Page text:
Below the cross, in false relief in an almost square panel, there is a rider on a galloping horse. Although the details are worn, his face appears to be turned upwards to the cross, and he has an upturned pigtail, while the horse’s bridle is visible and a spear and sword project behind the rider’s back. (Fisher 1994, 51)

Another expert observer, Alan Macquarrie, also identified the rider’s hairstyle as a pigtail (Macquarrie 2006, 5). It appears to be unique, being found only on the Sun Stone. Pigtails are not evident on any other monument at Govan, nor on sculpture from elsewhere within Strathclyde. Looking further afield, I am not aware of any pigtailed figures on Pictish sculpture. As far as I know, carvings of male Picts simply show them as long-haired, without any discernible hint of the hair being gathered and tied. The rider on the Sun Stone seems to be a one-off.

Examples of Pictish warriors (l-r): Dupplin Cross, Benvie, Aberlemno.

At Govan, there is only one other figure whose hairstyle can be discerned: the horseman on the Sarcophagus. He is more clearly defined than the Sun Stone rider and was probably carved a hundred years earlier (c.850-900) at a time when the stonemasons of Strathclyde were producing finely sculpted work comparable to the output of their Pictish counterparts. Like some Pictish figures, the Sarcophagus horseman is long-haired and bearded, but it is hard to say if his hair is loose or gathered. Although the detail is lacking it is possible that whoever carved him was trying to depict a ponytail. In the following century, the craftsman who sculpted the Sun Stone may have been attempting something similar when he added a curly ‘pigtail’ to the rider. Maybe this was not so much a pigtail as a crude representation of a short ponytail gathered high above the neck? Whatever it was, it was carved so prominently that it must have been a defining characteristic of the man commemorated by the stone. To those whom he left behind – his family and friends – his hairstyle was perhaps such a distinctive aspect of his appearance that they asked for it to be included on his memorial.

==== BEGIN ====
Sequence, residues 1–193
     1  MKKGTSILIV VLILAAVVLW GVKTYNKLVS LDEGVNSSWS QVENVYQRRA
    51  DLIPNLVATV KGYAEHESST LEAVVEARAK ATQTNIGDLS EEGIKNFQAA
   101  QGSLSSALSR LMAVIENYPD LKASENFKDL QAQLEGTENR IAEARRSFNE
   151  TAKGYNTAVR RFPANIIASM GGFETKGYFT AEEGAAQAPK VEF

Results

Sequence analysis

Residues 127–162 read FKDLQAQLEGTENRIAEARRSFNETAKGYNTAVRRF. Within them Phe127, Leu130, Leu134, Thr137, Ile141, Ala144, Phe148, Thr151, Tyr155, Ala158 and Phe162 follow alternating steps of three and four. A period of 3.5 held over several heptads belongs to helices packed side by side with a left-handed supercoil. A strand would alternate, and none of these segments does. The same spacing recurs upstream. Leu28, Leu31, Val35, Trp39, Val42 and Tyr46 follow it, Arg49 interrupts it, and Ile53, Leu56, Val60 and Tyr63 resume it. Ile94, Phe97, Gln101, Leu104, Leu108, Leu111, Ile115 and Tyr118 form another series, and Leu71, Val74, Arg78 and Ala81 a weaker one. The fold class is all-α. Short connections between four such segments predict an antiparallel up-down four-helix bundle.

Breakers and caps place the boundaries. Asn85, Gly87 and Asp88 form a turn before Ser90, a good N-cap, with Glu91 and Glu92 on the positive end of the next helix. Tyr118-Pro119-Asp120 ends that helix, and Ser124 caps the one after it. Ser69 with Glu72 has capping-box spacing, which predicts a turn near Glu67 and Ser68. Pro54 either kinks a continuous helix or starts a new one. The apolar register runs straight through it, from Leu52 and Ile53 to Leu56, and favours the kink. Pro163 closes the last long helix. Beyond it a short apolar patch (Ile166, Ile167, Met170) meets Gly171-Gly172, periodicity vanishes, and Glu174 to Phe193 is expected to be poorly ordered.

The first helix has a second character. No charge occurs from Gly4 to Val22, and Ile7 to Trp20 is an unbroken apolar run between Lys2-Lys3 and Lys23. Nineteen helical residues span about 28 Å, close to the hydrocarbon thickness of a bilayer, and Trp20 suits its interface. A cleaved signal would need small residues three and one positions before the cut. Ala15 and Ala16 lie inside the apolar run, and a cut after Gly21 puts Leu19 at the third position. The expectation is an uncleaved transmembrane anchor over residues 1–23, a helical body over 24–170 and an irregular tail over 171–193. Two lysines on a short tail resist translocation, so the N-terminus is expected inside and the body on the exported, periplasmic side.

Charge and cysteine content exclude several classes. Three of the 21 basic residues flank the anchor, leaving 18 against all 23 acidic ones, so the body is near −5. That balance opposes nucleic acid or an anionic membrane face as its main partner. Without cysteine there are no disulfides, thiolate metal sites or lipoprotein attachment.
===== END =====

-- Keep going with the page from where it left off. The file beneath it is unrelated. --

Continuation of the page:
The horseman on the Govan Sarcophagus

If more sculpture had survived from the kingdom of Strathclyde we might be able to say something meaningful about the hairstyles worn by the wealthy folk who commissioned the stones. With only two carved figures showing sufficient detail, the most we can probably say is that long hair was not uncommon among aristocratic males of the area around Govan in the 9th-11th centuries. Some of these men wore beards; some tied their hair in ponytails or pigtails. Their contemporaries in other parts of North Britain no doubt looked very similar.

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Fisher, Ian (1994) ‘The Govan cross-shafts and early cross-slabs’, pp.47-53 in Anna Ritchie (ed.) Govan and its Early Medieval Sculpture (Stroud: Alan Sutton)

Macquarrie, Alan (2006) Crosses and Upright Monuments in Strathclyde: Typology, Dating and Purpose Fourth Annual Govan Lecture (Govan: Society of Friends of Govan Old)

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Govan Sarcophagus